Astronomers have long thought that life moves through thesolar system on the backs of meteorites, meaning that lifeon Earth was "seeded" from another planet. New researchshows that it's not necessary for the actual microbes totravel through space. The fact that a meteorite impactbrings phosphorous to a planet may be enough.
Iron meteorites may have been necessary for the evolution oflife on Earth because they could have provided morephosphorus than naturally occurs here?enough to give rise tobiomolecules which eventually assembled into microbes thatcould evolve and reproduce. Phosphorus forms the backbone ofDNA because it connects genes into long chains and thus isvital to the formation of life. Planetary scientist MatthewA. Pasek says, "In terms of mass, phosphorus is the fifthmost important biologic element, after carbon, hydrogen,oxygen, and nitrogen."
Scientists have long wondered where the phosphorousnecessary for life to begin came from, since it?s much rarerin nature than hydrogen, oxygen, carbon or nitrogen. Paseksays, "Because phosphorus is much rarer in the environmentthan in life, understanding the behavior of phosphorus onthe early Earth gives clues to life's origin?If you aregoing to have phosphate-based life, it likely would have hadto occur near a freshwater region where a meteorite hadrecently fallen. We can go so far, maybe, as to say it wasan iron meteorite."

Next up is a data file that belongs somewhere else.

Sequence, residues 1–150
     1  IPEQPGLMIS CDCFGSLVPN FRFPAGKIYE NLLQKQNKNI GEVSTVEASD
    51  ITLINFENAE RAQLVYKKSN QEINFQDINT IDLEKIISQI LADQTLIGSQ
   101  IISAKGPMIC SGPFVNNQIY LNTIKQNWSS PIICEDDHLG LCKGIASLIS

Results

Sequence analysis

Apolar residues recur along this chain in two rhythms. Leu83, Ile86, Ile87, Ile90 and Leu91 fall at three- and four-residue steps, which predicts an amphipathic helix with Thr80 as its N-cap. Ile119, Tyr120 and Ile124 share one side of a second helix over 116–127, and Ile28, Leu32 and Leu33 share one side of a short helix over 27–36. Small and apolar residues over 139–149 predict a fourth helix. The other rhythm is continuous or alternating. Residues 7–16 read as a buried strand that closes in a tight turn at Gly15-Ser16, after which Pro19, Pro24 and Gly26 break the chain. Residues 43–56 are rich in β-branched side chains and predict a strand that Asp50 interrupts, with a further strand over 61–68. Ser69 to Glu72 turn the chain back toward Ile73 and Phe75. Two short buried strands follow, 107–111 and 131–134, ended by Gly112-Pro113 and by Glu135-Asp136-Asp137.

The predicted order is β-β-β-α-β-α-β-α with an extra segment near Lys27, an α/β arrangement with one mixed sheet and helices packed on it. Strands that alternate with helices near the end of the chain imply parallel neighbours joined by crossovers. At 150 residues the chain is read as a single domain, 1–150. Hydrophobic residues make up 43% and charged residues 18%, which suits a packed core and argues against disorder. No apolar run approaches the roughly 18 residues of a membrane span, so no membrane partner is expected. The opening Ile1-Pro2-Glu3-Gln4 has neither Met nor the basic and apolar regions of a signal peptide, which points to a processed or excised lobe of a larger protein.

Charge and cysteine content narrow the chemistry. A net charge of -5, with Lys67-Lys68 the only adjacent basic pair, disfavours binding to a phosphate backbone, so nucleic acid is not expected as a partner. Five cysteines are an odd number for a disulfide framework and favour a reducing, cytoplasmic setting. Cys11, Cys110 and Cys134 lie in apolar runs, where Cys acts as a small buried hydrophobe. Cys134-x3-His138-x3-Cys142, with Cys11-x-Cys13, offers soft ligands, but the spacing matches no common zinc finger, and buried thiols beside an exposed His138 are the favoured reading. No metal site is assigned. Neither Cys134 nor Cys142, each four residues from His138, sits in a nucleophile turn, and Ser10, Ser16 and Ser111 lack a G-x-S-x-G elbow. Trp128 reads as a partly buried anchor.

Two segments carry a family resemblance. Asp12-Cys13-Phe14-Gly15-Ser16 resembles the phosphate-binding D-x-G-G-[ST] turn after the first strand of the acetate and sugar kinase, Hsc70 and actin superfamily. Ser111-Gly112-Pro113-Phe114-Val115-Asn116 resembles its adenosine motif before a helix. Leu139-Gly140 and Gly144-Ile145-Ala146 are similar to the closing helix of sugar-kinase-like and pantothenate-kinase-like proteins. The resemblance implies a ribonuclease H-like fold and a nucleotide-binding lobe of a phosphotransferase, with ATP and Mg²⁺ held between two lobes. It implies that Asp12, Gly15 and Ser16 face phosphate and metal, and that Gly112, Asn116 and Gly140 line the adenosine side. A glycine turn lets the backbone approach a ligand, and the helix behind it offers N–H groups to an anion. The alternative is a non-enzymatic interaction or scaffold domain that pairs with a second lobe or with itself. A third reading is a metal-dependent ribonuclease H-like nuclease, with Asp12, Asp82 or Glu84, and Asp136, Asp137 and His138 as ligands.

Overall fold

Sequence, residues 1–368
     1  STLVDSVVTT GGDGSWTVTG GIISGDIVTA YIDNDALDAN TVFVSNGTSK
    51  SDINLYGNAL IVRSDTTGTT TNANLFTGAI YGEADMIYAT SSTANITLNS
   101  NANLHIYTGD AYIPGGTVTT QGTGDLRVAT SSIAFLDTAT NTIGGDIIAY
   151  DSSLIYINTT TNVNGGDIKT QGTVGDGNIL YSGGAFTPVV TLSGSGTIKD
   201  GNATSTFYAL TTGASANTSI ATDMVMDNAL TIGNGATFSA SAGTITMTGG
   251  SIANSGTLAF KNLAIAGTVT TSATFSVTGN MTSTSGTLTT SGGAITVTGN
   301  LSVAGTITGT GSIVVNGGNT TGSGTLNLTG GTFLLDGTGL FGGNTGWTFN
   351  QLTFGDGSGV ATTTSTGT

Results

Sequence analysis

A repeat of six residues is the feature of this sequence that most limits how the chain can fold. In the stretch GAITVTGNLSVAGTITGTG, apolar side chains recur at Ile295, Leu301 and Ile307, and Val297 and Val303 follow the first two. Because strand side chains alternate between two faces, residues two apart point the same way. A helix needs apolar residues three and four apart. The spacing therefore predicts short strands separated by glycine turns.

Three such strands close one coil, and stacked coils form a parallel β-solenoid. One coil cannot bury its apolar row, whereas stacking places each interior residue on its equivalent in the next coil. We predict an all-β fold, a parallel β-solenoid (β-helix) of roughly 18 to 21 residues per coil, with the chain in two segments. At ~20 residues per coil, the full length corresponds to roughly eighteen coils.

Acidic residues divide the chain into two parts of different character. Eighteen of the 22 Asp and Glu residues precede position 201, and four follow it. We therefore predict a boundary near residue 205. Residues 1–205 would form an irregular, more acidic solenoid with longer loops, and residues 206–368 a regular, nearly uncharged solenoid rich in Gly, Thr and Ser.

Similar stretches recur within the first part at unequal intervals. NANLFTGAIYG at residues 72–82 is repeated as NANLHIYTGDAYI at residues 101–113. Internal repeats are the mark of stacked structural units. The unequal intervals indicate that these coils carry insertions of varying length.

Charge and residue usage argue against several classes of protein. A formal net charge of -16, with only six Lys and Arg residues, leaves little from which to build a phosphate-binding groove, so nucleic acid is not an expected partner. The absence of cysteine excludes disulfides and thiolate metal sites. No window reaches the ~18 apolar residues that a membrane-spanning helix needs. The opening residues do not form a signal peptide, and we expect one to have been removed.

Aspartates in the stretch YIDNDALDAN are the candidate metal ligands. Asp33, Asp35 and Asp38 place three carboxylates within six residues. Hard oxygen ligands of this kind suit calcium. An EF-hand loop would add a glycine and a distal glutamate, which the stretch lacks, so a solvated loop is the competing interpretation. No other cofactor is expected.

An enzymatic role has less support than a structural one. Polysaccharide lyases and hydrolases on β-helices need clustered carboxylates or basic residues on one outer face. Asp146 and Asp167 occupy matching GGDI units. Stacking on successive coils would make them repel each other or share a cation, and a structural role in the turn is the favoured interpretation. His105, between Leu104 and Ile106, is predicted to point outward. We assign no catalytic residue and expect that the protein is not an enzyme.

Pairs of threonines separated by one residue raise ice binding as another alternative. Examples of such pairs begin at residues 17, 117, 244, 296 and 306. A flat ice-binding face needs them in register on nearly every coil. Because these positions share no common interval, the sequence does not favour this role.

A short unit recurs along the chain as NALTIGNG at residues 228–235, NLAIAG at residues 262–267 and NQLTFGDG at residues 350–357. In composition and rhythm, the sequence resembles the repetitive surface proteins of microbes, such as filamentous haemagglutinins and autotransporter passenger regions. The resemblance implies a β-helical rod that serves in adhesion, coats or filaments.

There's a way to tell what's coming up in your ownfuture,and you don't need to go to a fortune teller to do it.
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